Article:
Pretty versus practical: Rhetorical choice in graphic design

in my past experience with graphic design, I’ve always seen it as stylizing something until it’s pretty, punchy, or polarizing.  With political intent or creative drive, I’ve always seen graphic design as the icing on the cake of a project, but having read Dabner, and reflected on my own blogging experience, I’ve reevaluated what graphic design might be about.

Practicality is a large part of online graphic design (specifically this because I have experience, rather than print media).  If something looks nice, but has no easy interface or practical application, it’s not a good applied graphic design, even if it’s attractive to the eye.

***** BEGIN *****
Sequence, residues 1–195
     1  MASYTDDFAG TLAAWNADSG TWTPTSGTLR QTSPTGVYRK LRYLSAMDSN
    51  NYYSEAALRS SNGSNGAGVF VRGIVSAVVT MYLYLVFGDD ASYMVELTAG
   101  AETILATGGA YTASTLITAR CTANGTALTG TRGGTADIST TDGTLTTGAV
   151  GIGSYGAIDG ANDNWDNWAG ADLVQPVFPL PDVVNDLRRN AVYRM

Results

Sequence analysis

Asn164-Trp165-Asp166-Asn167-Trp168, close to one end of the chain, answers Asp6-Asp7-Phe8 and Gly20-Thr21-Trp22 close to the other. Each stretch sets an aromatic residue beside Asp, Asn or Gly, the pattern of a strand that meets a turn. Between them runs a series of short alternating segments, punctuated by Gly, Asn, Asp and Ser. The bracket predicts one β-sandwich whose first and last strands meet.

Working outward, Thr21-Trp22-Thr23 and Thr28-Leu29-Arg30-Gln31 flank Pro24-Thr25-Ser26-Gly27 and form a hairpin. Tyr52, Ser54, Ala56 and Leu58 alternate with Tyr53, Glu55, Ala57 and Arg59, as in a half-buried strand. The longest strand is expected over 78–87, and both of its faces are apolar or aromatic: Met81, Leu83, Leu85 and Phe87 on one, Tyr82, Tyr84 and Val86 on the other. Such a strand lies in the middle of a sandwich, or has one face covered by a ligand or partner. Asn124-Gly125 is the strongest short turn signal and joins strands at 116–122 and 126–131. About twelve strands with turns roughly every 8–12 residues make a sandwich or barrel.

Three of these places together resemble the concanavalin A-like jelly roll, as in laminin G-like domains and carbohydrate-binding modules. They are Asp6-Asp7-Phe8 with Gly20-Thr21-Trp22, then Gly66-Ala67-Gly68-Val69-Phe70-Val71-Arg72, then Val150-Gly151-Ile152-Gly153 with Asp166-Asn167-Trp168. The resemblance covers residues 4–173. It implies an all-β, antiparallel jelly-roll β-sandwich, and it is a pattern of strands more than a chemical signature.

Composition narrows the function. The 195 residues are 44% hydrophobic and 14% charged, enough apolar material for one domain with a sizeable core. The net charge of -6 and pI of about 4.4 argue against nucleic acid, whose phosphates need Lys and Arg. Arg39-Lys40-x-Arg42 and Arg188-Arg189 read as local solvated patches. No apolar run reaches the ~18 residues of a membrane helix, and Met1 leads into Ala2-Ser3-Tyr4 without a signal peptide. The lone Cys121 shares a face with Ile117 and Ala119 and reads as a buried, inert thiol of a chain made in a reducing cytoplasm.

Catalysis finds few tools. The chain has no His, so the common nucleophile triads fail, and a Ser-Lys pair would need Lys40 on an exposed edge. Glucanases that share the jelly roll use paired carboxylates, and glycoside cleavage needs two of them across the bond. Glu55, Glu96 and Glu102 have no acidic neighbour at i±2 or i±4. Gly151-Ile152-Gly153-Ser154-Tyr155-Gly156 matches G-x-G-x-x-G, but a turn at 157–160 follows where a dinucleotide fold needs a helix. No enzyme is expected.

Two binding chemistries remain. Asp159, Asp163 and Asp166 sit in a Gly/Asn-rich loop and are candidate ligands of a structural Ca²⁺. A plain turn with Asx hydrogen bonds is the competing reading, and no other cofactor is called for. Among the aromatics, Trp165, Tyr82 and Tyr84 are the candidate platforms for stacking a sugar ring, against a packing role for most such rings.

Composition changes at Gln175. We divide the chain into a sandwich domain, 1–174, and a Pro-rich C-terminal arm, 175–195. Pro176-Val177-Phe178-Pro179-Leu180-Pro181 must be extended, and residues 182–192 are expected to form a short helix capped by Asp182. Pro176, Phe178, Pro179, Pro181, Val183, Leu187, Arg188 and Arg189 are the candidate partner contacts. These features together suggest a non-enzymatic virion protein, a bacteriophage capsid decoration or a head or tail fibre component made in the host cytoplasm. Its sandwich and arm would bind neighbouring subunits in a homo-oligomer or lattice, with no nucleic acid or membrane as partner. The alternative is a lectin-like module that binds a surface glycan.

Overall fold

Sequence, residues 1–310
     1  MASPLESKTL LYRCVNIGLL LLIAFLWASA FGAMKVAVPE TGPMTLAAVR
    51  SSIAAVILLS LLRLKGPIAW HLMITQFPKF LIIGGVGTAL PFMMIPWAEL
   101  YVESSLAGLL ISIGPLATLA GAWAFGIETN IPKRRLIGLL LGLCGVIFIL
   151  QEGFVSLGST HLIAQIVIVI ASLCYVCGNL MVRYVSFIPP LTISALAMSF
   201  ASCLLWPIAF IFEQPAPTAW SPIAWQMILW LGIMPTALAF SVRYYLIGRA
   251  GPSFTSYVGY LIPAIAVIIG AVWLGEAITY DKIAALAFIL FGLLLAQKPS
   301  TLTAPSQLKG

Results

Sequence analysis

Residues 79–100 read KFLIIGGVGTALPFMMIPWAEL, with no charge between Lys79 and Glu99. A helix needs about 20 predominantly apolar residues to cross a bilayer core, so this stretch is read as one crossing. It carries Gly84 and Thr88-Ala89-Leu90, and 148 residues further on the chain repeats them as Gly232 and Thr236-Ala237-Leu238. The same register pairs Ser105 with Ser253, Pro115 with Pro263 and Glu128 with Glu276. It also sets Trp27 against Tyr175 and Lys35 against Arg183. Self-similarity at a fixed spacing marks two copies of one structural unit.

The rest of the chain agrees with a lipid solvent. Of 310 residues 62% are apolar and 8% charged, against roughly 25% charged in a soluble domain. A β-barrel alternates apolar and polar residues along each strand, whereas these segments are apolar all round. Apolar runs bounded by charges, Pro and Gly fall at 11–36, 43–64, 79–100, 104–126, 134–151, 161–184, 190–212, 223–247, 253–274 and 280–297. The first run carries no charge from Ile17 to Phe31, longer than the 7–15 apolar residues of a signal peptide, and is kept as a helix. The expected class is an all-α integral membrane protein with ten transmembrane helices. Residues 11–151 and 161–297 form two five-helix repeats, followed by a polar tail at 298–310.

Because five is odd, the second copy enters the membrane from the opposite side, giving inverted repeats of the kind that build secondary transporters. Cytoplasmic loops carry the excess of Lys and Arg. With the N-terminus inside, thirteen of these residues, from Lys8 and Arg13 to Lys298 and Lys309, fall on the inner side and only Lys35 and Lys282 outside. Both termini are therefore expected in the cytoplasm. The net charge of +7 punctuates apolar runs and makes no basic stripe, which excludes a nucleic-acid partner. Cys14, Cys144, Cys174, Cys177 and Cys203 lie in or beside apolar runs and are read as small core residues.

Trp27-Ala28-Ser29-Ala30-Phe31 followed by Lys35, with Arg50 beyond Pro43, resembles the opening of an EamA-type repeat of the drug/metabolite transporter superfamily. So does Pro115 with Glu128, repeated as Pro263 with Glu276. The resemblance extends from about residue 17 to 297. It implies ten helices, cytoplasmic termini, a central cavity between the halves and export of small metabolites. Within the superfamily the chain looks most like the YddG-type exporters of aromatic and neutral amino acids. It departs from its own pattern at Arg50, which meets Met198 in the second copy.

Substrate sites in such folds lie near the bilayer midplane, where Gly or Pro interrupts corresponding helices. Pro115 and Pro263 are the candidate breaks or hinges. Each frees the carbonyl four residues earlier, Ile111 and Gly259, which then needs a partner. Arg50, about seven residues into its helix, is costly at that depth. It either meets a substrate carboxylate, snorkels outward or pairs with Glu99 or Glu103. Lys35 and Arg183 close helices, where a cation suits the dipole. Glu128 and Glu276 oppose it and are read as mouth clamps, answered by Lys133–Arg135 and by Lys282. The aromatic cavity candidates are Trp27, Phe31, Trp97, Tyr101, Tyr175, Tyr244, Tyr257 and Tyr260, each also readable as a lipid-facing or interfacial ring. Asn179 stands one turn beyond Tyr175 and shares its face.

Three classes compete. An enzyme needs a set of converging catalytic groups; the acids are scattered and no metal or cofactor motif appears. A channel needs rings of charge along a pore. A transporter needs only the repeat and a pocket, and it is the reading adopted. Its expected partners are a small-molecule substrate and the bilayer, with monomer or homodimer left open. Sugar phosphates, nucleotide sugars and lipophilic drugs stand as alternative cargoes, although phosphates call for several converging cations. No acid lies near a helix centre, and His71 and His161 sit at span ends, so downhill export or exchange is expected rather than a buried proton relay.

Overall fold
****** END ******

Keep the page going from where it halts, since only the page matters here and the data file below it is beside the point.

As examples, I am using different blog templates for blog themes from


(“Royal Ribbon” by user wakecodesleep)

This blog template has many attractive features and follows many of the layout and colour principles of CRAP, but at the same time is difficult to navigate.  There is no “home” or navigation portal, only the most current posts, and the latter ones that the reader must scroll down to.


(“Vacant” by user samstephan)

On the other hand, too much practicality can lead to a bland layout that won’t stay with your audience.  Of course, it is always up to the context of what the layout is for.  For some, this minimalism is much more effective, therefore your mileage may vary.


(“GreyMatters” by user ligertest)

The third example is something that I thought was a possible centre option – the design incorporates aesthetic elements that have both function and form, are both pleasing and practical.

I believe that in the end, there is a situation for every theme or layout, and vice versa.  The degree of graphics vs. functionality is a fine line that depends entirely on the scenario, and in fact that very reason is why these principles of CRAP, colour, etc. are so vital to understand.